I would not call myself Seth Macfarlane's biggest fan.
I'm not going to waste time beating up on "Family Guy," because at this point, either you like its scattershot approach to pop culture comedy, or you don't, and there's not really much of a chance someone's going to convince you to laugh or convince you not to laugh. I think the show has settled into its own weird, icky groove, and I think it's a little funnier now than it was in the early days. Part of that is that Seth Macfarlane has become more and more comfortable with the voice of the show, and at this point, it's carved out its own weird corner of the comedy world.
My favorite moment of his so far is his work in "Hellboy: The Golden Army," where I think he gives a genuinely great vocal performance. His choices there make me laugh out loud, and I think he also finds some great strange notes to play in the film that are unexpected and wonderful. That was the moment that convinced me not to underestimate Macfarlane, and over time, I think he's proven himself to be a very sharp wit when he's appearing as himself.
Also, he could buy and sell me a zillion times over. So he's got that going for him.
I would not call myself Seth Macfarlane's biggest fan.
I am often surprised at the loyalty people display towards the 1990 "Total Recall."
It is a film with some great ideas embedded in it, many of which were either lifted from the Philip K. Dick short story, and some of which were created by Gary Goldman and Paul Verhoeven during the film's lengthy development process.
It is also a film that is bogged down by the baggage of its star, and there is no one on Earth who is ever going to convince me that Arnold Schwarzenegger was the right guy to play that part. And as much as I adore the Verhoeven of "Robocop," I sort of hate the Verhoeven of "Recall." I think it is one of the flat-out ugliest blockbusters of the '90s, fake and garish and dated the second it was released.
Looking at the trailer for the new "Total Recall," it's obvious that they started with the movie when building this remake. This is not a new adaptation of the same story, no matter what they say, because so many of the elements that we see here were created for the film. That's fine. Even the title is a nod to the fact that they are directly remaking the film.
Walt Disney is a major force in the lives of modern kids, whether you like it or not.
Their brand is so omnipresent, so in your face, that it seems like they absorb it almost by osmosis. For example, why do kids love Mickey Mouse? How often do you actually see Mickey Mouse cartoons these days? How many kids have actually seen anything with Mickey in it aside from clips? When you go to any Disney park, obviously Mickey is a huge presence, and mouse ears are probably the single highest-selling piece of merchandise at the parks, with kids thrilled to wear them. But… why?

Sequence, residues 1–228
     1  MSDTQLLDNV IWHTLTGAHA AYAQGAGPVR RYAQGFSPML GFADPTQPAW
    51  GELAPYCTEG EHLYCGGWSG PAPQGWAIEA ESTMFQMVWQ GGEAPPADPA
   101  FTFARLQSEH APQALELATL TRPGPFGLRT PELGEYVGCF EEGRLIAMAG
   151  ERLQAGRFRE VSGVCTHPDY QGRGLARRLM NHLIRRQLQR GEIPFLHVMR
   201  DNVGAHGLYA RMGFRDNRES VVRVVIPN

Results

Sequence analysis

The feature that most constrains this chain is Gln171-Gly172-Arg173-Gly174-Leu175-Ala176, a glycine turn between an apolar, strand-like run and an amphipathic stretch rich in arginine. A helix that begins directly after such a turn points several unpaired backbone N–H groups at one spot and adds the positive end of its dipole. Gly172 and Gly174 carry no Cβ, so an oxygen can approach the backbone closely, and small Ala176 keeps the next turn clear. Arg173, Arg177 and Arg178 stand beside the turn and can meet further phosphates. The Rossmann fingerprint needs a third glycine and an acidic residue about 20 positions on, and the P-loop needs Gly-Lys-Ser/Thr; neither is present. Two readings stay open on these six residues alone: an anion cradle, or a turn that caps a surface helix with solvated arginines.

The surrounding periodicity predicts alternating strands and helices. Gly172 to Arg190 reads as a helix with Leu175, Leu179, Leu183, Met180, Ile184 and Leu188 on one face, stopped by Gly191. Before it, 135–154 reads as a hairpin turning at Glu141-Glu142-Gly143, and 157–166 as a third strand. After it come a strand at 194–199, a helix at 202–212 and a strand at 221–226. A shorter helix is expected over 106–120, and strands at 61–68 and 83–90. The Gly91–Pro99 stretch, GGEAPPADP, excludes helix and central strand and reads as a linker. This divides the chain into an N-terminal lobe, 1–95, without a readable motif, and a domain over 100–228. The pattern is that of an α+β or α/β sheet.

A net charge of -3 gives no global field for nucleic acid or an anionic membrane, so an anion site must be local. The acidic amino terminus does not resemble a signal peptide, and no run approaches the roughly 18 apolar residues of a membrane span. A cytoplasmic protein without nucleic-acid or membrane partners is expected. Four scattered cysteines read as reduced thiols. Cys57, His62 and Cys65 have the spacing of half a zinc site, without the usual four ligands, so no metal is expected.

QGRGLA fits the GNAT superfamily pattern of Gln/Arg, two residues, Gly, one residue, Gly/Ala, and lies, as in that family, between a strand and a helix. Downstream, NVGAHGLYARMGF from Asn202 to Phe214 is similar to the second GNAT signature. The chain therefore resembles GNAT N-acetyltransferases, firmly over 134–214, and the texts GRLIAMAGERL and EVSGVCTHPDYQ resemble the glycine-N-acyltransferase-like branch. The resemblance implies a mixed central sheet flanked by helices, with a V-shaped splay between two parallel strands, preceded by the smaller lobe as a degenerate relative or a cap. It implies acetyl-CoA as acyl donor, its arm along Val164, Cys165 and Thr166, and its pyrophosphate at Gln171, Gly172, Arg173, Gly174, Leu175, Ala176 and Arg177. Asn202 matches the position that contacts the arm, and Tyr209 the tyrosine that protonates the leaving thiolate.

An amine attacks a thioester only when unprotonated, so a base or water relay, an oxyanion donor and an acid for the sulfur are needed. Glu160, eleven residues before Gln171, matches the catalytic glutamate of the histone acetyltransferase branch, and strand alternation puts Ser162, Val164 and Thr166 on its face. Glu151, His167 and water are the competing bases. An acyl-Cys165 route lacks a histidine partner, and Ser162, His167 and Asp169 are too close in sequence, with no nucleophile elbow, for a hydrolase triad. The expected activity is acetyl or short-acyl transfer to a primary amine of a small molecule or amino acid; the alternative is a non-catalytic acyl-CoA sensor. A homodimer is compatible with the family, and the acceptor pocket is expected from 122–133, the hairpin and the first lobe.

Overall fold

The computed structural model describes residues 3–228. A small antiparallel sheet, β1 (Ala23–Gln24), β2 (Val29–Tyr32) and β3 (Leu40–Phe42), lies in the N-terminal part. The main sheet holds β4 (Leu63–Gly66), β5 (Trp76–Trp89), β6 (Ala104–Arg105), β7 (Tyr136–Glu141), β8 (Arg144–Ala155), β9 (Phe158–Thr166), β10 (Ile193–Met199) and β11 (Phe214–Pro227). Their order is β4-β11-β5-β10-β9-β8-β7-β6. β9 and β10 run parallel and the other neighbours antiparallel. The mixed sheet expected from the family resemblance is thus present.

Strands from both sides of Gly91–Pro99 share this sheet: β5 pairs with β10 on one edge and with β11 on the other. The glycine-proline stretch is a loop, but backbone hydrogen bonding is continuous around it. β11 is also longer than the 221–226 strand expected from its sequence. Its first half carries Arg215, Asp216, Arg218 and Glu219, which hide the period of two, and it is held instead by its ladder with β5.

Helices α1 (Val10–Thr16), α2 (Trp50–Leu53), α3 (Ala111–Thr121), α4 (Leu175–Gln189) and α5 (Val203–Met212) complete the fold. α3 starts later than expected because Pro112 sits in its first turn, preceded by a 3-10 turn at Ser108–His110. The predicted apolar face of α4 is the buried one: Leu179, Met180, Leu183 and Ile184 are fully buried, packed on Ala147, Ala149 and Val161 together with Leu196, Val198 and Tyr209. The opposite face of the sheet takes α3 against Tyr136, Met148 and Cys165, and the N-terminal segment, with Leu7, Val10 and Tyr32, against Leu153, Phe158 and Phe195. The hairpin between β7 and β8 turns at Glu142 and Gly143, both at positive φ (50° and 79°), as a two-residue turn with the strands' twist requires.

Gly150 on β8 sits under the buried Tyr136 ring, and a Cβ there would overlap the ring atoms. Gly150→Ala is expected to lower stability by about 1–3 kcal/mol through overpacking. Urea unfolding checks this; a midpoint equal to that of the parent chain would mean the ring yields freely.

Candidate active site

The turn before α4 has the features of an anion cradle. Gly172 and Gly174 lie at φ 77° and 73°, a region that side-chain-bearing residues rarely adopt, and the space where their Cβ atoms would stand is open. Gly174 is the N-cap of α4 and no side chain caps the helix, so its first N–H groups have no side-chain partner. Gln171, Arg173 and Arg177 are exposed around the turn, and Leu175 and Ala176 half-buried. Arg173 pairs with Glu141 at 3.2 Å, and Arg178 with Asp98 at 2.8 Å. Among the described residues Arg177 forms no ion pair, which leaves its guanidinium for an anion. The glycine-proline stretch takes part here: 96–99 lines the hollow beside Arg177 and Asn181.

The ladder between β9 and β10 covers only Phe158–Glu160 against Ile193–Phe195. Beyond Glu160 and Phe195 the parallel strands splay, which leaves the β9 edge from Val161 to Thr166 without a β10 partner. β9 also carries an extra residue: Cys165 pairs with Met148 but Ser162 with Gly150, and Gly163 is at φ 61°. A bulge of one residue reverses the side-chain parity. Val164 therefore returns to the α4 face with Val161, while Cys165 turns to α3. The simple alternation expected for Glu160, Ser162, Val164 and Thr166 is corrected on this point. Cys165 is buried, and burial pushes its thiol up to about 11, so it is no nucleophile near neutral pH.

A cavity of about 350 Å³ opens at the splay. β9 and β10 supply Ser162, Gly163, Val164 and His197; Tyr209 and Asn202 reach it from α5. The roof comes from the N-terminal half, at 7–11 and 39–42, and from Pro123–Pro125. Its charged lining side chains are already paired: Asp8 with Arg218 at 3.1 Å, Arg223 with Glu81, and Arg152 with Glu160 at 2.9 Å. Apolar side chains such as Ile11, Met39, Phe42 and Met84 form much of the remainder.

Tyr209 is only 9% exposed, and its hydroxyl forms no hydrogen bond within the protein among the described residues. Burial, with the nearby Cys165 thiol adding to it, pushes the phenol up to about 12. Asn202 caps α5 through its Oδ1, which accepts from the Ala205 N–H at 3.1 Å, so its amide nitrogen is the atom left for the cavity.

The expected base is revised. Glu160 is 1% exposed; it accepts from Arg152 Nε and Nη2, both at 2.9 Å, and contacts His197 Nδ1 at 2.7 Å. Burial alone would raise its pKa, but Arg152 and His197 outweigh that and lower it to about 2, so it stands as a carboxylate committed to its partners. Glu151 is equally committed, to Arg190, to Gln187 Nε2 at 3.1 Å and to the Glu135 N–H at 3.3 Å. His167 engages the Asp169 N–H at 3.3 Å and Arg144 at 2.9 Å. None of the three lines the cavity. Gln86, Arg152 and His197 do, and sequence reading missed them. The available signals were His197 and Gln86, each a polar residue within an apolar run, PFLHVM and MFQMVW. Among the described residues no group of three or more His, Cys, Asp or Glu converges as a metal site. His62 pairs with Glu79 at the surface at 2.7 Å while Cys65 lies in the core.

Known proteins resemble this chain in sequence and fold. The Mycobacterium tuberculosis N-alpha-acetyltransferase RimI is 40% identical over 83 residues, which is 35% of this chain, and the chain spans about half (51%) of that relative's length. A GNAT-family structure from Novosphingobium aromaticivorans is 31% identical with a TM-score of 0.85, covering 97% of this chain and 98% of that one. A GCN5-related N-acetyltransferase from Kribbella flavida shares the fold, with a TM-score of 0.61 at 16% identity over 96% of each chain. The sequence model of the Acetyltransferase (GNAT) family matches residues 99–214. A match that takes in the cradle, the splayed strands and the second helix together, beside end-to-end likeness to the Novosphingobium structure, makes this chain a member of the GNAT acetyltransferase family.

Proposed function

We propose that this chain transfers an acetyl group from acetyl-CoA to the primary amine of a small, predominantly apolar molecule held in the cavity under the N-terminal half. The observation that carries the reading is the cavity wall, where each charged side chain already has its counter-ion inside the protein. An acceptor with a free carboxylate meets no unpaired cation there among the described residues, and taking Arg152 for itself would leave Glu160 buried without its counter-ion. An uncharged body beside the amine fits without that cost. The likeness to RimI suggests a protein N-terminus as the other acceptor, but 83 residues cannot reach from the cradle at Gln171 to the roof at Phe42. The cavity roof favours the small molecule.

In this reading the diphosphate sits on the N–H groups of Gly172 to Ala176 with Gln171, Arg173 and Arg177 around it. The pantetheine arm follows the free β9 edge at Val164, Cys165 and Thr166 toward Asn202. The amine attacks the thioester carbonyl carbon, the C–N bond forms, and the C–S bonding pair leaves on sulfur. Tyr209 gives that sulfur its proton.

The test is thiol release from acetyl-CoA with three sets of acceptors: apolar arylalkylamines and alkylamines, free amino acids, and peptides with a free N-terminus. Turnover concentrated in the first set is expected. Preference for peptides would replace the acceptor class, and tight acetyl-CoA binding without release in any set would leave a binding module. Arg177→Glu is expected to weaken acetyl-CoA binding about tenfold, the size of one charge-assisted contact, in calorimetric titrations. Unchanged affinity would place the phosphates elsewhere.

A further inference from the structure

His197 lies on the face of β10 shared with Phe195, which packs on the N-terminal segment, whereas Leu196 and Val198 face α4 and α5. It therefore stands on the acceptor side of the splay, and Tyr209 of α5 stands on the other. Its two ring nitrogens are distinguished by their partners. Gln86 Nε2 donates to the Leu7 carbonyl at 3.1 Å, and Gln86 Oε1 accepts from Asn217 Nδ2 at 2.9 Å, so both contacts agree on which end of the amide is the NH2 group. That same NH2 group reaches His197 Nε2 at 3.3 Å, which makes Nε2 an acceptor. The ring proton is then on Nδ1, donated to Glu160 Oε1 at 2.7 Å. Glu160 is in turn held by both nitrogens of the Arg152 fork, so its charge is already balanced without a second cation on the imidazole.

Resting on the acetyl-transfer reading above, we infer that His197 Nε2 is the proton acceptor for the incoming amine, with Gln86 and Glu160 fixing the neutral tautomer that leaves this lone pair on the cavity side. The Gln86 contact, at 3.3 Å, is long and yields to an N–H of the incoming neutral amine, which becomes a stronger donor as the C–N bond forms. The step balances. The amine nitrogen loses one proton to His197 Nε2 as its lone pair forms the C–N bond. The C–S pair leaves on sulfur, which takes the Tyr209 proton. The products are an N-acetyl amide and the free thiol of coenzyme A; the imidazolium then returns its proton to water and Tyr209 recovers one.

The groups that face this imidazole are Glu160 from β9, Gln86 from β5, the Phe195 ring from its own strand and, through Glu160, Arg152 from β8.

I've noticed it in my own kids. On Allen's third birthday, we took him to Disneyland for his first trip there. The whole ride down to Anaheim, Toshi worked to get Allen hyped up, telling him how cool Mickey's house was, and by the time we hit the parking garage, Allen was basically hovering a foot above his chair, like a hummingbird, superexcited, and when he saw the posts in the garage that you use to find your car later, he pointed and started to bellow "IT'S MICKEY! I SEE MICKEY! LOOK! THERE'S MICKEY! MIIIIICKKKEEEEEEEY!"
This is a kid who's never seen a single scene that Mickey Mouse even appears in, and yet he's acting like it's Shea Stadium 1964 and the Beatles just hit the stage.
The first of this year's Snow White movies arrives in theaters this weekend, and one thing is immediately clear.
These movies are not competing with each other.
Whatever "Mirror Mirror" is, it is not looking to stake its claim as a big fantasy action epic. You look at the trailer for "Snow White and the Huntsman," and they're looking to compete with films like "Wrath of the Titans" or "Thor." That is not at all the sort of thing that "Mirror Mirror" has on its mind, and so the first thing you have to do when dealing with these two films is to remove all comparison from the way you regard them. That's probably a good thing for both films, because if they were trying to play to the same audience, then any reaction you have is just about comparing and contrasting, and that seems like a losing game on both sides.
How do you kill a 42 year old fat man who is waaaaaaay too emotionally invested in what happens with a remake of "The Thin Man"?
You hire Rob Marshall to direct it.
No matter what we hear about casting on this film, I'm going to be nervous to the point of irritated the entire time it's in production. I'll do my best to be fair, but the bitter sting of the awful "Pirates Of The Caribbean: On Stranger Tides" is still way too fresh for me to just assume Marshall will do right by one of my favorite films of all time.
No, scratch that. The "Thin Man" series is one of my favorite anythings of all time. It's right up there with things like fire and penicillin and indoor plumbing. Nick and Nora Charles are my favorite married couple in Hollywood history, and no matter what I think of the individual films in the series, I will take any opportunity to watch William Powell as Nick and Myrna Loy as Nora.
There is something undeniable about the announcement of the new Bond girls.